Nakkiah Lui & Miranda Tapsell’s New Podcast Is On Aboriginal Deb Balls & “Stupid Traditions”

In 1968, a year after Australia voted yes to Aboriginal rights, the Sydney-based Foundation for Aboriginal Affairs held a glittering debutante ball in the centre of town. Twenty-five Indigenous women made their debut in front of hundreds of people, including Prime Minister John Gorton.

“That ball was used as a demonstration of protest,” writer and actor Nakkiah Lui tells P.TV. “There was something quite marvellous to me about this idea – it’s the year after the huge referendum, it’s the height of the civil rights movement in Australia – and the way in which blackfellas protested was by having a party.

“They were having this ball as a way to protest limitations on Aboriginal people gathering in public.”

Debutante: Race, Resistance & Girl Power is a new documentary podcast by Lui and actor Miranda Tapsell. It’s the latest work from the friends and collaborators who previously teamed up for Pretty for an Aboriginal podcast and that golden episode of Get Krack!n. 

“We thought the ball was a really good prism to explore race and gender – the things we live with – because the tradition of the ball is so steeped in racism and sexism,” Tapsell says. “Essentially, the debutante ball was a meat market. It didn’t include black women and in Australia, it took a debutante ball at Town Hall – the most colonial building in Sydney – to force Australians to open up the space and give Aboriginal people the right to go to more public spaces they weren’t allowed in before.”

Debutante is a deep dive into the history and evolution of the ball and how First Nations women around the world have made the tradition their own.

“Ultimately, we just wanted to share how powerful it is to change something and reclaim it and make it better,” Tapsell says.

In Sydney’s Mount Druitt, Lui’s mum runs the Butucarbin Aboriginal Debutante Ball. At first, Lui’s dad didn’t quite understand why. He thought the debutante ball was for rich white girls. He didn’t think it belonged in their community.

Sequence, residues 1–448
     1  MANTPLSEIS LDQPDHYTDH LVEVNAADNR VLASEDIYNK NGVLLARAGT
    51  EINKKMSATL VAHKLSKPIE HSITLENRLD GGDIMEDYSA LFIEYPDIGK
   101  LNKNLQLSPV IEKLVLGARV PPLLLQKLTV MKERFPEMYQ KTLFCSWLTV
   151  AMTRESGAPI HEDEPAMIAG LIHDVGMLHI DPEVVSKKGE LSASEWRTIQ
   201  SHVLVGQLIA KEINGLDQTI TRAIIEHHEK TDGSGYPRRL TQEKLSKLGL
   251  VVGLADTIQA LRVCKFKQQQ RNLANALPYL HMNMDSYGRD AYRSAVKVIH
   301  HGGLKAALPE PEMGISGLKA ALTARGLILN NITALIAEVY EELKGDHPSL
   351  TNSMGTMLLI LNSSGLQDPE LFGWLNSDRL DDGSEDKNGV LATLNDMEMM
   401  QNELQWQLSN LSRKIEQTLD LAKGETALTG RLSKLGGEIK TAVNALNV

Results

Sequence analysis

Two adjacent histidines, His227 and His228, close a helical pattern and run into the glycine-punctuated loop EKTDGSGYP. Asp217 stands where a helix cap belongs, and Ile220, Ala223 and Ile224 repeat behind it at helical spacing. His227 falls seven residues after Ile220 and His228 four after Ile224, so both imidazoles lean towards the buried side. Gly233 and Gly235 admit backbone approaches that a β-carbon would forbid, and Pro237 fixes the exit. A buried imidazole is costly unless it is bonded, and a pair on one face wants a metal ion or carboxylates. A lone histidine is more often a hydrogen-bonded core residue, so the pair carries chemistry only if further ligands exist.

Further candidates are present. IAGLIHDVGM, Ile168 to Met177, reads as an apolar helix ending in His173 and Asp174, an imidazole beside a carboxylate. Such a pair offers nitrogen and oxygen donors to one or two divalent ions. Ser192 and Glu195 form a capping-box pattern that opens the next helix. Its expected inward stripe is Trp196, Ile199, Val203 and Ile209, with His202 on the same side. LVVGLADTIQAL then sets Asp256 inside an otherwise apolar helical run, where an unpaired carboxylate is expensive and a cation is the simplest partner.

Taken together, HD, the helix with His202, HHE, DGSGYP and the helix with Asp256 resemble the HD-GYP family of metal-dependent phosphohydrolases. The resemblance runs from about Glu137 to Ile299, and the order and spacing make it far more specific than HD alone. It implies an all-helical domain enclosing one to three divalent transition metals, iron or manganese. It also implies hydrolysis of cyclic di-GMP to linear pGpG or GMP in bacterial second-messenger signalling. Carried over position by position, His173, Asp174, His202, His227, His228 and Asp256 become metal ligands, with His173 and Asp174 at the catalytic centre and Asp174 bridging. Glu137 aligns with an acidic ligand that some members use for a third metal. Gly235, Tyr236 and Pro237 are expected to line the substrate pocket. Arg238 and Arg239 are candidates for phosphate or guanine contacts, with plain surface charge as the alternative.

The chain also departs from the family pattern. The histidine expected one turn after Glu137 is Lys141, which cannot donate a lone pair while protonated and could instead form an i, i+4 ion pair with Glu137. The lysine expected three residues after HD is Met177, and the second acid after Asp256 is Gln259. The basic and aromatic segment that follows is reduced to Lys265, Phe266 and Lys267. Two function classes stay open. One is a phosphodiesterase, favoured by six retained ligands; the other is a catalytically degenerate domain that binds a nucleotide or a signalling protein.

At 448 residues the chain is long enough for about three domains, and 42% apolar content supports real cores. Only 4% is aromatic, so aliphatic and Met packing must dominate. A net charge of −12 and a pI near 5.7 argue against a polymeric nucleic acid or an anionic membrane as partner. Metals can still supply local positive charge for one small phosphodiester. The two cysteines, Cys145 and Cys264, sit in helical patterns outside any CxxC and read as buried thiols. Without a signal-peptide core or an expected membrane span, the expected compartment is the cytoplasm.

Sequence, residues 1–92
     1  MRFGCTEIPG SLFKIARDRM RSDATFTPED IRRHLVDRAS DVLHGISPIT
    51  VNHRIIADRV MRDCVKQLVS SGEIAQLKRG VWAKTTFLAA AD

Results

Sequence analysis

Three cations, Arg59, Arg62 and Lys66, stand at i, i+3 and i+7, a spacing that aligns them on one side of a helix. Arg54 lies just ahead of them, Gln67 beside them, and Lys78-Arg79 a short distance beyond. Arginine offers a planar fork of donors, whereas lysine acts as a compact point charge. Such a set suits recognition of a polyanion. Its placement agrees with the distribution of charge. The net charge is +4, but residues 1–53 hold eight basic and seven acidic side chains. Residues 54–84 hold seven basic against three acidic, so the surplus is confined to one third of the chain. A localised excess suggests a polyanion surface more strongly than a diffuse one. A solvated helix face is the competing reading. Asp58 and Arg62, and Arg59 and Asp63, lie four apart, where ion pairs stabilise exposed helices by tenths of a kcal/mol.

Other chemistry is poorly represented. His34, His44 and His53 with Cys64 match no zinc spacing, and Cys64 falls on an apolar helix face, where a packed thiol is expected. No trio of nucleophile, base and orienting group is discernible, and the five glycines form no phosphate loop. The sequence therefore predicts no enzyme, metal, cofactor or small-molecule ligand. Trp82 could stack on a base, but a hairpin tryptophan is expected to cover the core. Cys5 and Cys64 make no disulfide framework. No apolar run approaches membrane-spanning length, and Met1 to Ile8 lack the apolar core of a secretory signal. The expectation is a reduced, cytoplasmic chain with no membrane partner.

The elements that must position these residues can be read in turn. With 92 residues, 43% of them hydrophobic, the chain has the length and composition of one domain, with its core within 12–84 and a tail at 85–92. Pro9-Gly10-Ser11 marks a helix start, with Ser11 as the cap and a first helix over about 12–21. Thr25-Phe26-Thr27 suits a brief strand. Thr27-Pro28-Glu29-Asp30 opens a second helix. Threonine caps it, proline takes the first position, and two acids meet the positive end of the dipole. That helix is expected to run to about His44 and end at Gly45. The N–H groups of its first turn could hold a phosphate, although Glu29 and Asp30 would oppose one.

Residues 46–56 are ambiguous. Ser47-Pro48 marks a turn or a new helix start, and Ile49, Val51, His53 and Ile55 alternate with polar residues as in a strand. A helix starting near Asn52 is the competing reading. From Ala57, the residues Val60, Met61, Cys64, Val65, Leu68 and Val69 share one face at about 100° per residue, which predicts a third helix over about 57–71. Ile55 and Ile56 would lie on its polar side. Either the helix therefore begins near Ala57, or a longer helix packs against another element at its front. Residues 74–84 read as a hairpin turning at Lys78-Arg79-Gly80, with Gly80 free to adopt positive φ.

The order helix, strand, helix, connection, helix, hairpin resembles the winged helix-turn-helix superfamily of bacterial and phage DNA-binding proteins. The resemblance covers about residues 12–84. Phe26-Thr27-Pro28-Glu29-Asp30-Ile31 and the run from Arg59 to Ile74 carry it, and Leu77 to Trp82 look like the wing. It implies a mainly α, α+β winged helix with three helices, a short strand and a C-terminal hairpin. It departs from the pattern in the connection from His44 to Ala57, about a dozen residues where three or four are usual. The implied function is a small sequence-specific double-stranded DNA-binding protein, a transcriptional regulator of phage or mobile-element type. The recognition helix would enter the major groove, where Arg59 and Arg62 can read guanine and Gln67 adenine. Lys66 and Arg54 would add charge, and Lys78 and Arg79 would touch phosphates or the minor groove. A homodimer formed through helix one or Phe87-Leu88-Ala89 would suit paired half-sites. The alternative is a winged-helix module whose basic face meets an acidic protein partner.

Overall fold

“We took this beacon of colonisation – this beacon of white, sexist, patriarchal supremacy – and gave it to people who were excluded from that,” Lui says. “So we’re going to have a party and we’re going to celebrate our youth, which is also saying: you didn’t kill us. Your colonisation wasn’t successful, we’re still here, and we’re thriving. We’re not just going to survive, we’re going to thrive.

“I think in a way it’s hijacking the tradition and kind of ruining it.”

The first debutante ball was held by King George III in 1780 to celebrate the birthday of his wife Queen Charlotte, and to raise money for a maternity hospital. The event was centred on debutantes: young, affluent women making their first official appearance in British upper-class society. After being presented to the monarch, these young women were officially “out” in society and eligible for marriage.

Today, the Queen Charlotte’s Ball lives on. But it doesn’t focus on finding potential partners anymore. Instead, it centres on philanthropy, networking, and etiquette. It also costs a lot of money – thousands and thousands of dollars for a single seat

Lui travelled to London to meet the debutantes of today, going as far as to take an etiquette class from Philip Sykes, founder and principal of The British School of Etiquette. She learnt how to eat, how to carry herself in public, and that discussions of race, politics, and sex – “basically what this entire podcast is about” – are off limits.

She also learnt that instead of bowing to royalty, the debutantes of the Queen Charlotte’s ball now curtsy to a very tall birthday cake. The aspirational values of this ball, the wealth, the class, the curtsying to the cake all felt very foreign to Lui.

“At the Mount Druitt Debutante ball, they get presented to an elder and a politician, and I think that’s much more significant than cake,” she says. “So if anything, we’re making these stupid traditions better.”

Back in Mount Druitt, Tapsell spent some time speaking to Aboriginal youth about their deb.

“When they presented themselves to their community, their tribes were mentioned and their mobs were mentioned – it was so beautiful to watch these young people tell you about their experience and just see them glow.”

This sense of pride from something that is seen as light and airy is no small thing, Tapsell says. “It’s managed to give power to so many people.”

Aboriginal debutante balls aren’t exclusively for young people either.

“It’s also been a way we can celebrate our older mob,” Lui says. “Aunties, who never thought they could feel beautiful, got to finally feel like stars.”

Debutante: Race, Resistance & Girl Power is an Audible Original podcast and is available from the 16th of June. You can listen to it, right HERE.